I wrote an article titled “Kernel Logistic Regression Using C#” in the November 2017 issue of MSDN Magazine. See https://msdn.microsoft.com/en-us/magazine/mt845620.

The goal of kernel logistic regression (KLR) is to make a binary prediction — a scenario where there are just two possible outcomes. For example, KLR could predict if a person will repay a loan (fail to repay = 0, successfully repay = 1) based on predictor variables such as age, income and existing debt amount. KLR is an advanced variation of ordinary logistic regression.

Ordinary logistic regression is very simple but can only handle data that is “linearly separable”, that is, you can conceptually draw a straight line that separates the two classes to predict. KLR extends ordinary logistic regression so that non-linearly separable data can be handled, like this data I used in the article:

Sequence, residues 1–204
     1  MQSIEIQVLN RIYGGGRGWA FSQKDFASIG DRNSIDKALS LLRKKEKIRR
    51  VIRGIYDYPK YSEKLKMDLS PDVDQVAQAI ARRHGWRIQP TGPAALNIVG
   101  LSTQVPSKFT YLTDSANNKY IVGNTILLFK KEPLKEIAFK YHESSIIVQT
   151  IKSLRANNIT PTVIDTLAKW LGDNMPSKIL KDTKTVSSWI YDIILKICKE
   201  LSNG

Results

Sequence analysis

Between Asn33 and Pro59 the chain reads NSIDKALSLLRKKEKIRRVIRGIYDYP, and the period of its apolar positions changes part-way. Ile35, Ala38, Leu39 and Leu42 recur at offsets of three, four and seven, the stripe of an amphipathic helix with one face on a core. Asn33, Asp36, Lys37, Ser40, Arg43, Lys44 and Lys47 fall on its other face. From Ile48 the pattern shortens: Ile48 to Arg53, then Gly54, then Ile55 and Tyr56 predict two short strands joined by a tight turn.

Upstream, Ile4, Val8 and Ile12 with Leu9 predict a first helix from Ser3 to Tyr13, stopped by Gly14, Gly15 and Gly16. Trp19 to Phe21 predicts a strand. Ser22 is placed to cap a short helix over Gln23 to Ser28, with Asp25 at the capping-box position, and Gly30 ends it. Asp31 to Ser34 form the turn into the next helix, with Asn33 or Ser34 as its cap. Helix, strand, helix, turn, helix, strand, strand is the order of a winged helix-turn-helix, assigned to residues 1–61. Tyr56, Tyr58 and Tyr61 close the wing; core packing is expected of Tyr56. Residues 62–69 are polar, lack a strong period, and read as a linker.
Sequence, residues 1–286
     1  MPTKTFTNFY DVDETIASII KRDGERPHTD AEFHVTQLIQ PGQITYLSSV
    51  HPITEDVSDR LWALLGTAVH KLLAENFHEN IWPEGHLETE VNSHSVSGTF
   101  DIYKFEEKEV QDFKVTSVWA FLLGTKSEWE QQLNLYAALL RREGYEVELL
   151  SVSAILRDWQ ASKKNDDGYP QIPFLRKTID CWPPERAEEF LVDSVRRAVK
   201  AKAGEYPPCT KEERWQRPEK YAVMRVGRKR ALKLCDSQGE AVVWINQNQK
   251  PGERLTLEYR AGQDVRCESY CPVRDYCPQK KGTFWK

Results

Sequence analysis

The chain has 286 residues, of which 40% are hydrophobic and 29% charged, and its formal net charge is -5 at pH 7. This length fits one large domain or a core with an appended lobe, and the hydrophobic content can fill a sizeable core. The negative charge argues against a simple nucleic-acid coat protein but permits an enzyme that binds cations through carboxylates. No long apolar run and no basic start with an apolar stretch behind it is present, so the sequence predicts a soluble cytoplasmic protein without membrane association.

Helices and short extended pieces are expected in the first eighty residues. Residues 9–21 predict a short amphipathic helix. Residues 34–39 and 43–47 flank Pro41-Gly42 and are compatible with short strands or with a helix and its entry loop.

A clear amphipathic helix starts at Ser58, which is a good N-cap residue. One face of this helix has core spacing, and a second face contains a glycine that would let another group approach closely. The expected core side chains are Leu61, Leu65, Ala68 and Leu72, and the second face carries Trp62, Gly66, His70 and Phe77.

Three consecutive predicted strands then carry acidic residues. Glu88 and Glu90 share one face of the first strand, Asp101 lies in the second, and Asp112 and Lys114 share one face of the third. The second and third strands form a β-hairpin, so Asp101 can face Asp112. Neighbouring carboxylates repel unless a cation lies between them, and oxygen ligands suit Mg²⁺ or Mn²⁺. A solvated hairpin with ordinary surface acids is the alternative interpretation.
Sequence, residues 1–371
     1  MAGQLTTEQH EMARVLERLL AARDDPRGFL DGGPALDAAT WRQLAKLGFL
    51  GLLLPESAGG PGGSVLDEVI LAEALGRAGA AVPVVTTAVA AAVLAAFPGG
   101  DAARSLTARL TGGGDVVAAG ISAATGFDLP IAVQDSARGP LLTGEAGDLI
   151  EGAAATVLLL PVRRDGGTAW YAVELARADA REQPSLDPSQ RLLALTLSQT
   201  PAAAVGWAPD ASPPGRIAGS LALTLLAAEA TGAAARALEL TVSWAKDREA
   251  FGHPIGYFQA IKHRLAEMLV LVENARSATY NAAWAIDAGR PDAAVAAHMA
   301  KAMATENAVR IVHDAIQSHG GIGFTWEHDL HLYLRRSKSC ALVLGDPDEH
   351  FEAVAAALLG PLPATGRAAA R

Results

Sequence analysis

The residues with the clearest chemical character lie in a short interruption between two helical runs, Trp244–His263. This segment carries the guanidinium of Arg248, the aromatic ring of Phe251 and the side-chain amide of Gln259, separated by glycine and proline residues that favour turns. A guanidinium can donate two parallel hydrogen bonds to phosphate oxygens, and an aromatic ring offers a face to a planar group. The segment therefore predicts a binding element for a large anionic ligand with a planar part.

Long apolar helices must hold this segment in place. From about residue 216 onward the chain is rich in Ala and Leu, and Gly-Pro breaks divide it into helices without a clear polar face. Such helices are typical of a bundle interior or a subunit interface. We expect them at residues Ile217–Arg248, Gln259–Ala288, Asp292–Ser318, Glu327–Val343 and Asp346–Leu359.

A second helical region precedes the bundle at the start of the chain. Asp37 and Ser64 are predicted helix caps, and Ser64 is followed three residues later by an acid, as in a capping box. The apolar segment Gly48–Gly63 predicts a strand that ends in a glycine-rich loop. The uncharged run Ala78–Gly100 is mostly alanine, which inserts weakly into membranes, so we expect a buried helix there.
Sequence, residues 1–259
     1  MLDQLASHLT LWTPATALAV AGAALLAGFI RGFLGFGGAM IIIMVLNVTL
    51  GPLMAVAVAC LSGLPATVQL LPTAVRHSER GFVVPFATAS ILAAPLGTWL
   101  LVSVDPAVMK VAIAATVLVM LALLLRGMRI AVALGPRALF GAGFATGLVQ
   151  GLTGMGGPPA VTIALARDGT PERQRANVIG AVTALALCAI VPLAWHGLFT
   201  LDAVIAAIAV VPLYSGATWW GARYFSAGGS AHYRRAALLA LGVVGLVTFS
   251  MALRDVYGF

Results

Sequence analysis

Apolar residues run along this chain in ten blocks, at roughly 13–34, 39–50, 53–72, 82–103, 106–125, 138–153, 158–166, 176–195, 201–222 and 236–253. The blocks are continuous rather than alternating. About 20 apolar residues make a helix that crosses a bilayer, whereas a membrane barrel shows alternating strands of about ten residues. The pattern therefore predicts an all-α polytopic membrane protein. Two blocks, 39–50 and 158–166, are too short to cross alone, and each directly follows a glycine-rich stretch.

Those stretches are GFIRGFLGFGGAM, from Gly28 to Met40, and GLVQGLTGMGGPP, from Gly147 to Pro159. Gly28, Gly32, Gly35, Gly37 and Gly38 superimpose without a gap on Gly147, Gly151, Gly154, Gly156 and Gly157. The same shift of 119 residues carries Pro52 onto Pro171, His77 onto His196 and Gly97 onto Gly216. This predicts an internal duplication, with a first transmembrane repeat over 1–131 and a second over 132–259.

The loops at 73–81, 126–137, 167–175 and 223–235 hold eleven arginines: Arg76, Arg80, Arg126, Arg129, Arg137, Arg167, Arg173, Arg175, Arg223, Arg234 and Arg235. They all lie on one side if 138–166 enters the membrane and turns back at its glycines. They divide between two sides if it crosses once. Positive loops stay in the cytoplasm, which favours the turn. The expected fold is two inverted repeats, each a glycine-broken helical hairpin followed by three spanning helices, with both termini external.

Kernel logistic regression is a fascinating topic. It uses something called a radial basis function (RBF) kernel. An RBF kernel is a clever function that measures the similarity (or, equivalently, the difference) between two numeric vectors.

KLR isn’t used very much. I’m not quite sure why this is so. KLR is very simple. The major downside to KLR is that it doesn’t scale very well to very large datasets.

*“Not Stable Kernel” – Dmitry Bitus*